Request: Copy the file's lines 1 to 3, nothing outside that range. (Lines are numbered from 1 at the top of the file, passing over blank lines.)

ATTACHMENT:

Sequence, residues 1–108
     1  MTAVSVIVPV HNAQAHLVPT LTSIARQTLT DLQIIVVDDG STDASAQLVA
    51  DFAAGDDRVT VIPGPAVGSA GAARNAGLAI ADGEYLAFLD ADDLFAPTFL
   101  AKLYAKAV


Sequence, residues 1–108
     1  MTAVSVIVPV HNAQAHLVPT LTSIARQTLT DLQIIVVDDG STDASAQLVA
    51  DFAAGDDRVT VIPGPAVGSA GAARNAGLAI ADGEYLAFLD ADDLFAPTFL